If everybody knew how fun and rejuvenating tropical travel can be…
I think in terms of assets/liabilities, increase net worth/decrease net worth, income/expense, and how I can earn miles/points when it comes to every decision I make. This has truly helped me in life. I also think car rental (award) programs and their coupons stink and are useless!
I did something a little unique. I had a client who owed me $12,000, and I knew they would never be able to pay me. They were a time-share company with their own property, and I foresaw that they were heading toward bankruptcy. Being preemptive, I knew I’d lose my money, so I approached them and offered a trade. They accepted, and we swapped a 2-bedroom in February at a major location on their system. So I have a deeded timeshare, for free. Then, if you can believe it, two years later I bought another one from my relatives for $2000. Now, because of these two time-shares I have shifted more to earning airline miles.
A good rule that has helped me is to simply be flexible with my travel dates! I think this is the biggest reason that I have been able to book so many people on flights. I try to travel before peak — Dec 15 — so most of my year-end travel is between Nov 1st and Dec 14th. I have never been denied seats during this time. On my next trip to Belize I booked eight seats on Northwest on the first phone call in less than 20 minutes. I even got the first dates I asked for.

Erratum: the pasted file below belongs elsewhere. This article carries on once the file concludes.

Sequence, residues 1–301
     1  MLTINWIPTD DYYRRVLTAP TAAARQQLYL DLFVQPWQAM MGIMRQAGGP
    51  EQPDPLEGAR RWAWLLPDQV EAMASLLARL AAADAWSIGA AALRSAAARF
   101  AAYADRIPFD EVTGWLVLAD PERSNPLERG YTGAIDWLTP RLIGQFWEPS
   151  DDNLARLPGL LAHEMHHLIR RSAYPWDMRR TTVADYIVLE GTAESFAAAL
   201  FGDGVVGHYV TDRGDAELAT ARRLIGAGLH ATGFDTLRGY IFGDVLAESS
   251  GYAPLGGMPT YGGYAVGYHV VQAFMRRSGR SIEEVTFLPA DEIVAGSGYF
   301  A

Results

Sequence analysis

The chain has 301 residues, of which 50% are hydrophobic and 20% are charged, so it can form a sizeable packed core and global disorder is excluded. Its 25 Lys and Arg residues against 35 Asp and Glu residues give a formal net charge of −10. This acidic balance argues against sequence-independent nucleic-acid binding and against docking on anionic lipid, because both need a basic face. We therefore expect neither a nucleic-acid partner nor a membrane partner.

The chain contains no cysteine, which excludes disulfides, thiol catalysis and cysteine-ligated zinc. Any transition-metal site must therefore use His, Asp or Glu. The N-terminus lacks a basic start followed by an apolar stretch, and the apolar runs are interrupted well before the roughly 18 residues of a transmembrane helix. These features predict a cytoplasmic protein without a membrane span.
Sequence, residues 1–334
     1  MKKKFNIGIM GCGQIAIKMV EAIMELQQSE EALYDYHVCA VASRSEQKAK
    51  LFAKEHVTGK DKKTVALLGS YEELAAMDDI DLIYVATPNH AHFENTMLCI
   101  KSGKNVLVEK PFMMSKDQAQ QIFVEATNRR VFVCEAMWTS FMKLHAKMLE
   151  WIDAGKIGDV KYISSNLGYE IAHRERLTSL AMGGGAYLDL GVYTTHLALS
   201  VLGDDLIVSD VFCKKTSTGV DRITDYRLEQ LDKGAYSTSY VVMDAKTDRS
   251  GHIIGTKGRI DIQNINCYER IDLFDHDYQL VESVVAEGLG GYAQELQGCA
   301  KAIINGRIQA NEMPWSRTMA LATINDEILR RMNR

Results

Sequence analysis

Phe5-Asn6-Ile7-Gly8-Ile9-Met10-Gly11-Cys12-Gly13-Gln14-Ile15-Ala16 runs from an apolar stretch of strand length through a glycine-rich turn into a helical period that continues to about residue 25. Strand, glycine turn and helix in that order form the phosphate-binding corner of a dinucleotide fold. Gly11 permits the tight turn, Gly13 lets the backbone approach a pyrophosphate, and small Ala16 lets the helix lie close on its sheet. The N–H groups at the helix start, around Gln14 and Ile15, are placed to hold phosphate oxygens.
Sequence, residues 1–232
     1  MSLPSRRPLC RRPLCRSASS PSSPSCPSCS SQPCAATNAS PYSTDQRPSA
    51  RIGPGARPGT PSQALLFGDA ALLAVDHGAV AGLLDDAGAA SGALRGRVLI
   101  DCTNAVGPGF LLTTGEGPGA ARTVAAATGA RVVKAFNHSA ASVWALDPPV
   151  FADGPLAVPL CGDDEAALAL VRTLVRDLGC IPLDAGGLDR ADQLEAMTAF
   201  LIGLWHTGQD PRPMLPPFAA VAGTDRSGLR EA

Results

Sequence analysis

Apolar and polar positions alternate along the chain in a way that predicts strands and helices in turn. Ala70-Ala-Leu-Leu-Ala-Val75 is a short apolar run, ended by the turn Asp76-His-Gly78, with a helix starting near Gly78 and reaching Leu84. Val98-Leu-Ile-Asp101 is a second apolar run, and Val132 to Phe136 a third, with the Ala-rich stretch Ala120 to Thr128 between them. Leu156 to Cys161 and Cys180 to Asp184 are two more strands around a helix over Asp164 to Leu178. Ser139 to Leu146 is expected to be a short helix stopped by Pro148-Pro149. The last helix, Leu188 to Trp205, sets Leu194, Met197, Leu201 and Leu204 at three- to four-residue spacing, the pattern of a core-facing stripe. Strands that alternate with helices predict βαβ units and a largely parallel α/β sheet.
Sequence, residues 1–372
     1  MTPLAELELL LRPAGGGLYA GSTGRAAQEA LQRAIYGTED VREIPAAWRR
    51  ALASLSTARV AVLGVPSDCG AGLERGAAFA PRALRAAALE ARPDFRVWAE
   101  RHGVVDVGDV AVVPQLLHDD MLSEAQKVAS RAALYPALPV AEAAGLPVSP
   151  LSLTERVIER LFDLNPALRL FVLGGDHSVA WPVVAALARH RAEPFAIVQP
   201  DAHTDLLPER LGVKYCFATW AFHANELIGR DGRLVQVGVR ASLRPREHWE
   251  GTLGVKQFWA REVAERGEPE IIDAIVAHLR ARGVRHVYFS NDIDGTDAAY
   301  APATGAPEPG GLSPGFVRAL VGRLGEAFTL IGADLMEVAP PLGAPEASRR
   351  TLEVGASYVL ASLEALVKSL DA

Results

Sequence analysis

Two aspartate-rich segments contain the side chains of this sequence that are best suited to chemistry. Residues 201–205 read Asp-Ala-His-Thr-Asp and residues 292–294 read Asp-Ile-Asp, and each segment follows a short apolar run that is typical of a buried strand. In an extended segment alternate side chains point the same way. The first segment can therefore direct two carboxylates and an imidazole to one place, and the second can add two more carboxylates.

I’ve always been willing to switch credit cards for promotional reasons. I write letters closing out past cards to keep my credit score above 700.
If I had to pick between earning miles or points, I think I would be one of the few that would pick hotel points. In my opinion they (Marriott & Starwood, particularly) are worth more. This formula works for me when it comes to travel from, say for example, the U.S. to the Caribbean for my family. If you were traveling outside North America, then this formula would be switched.
How much money someone would have to spend to have enjoyed what I have enjoyed for free would truly stun people.
When I started earning miles, I knew I would be good at it. I am a big-picture type person, but when it comes to hobbies I go into detail mode. I think to be successful in earning miles and points you need to be more of a detail person.
I’ve always liked the Maldives Islands (haven’t gone yet). Also, I’ve always liked Delta Air Lines and Continental … I’m not sure why.
Think you’ve got what it takes to be profiled in InsideFlyer? Send along your reasons why and perhaps you’ll be able to share some of the very same thoughts, tips and words that got this reader featured.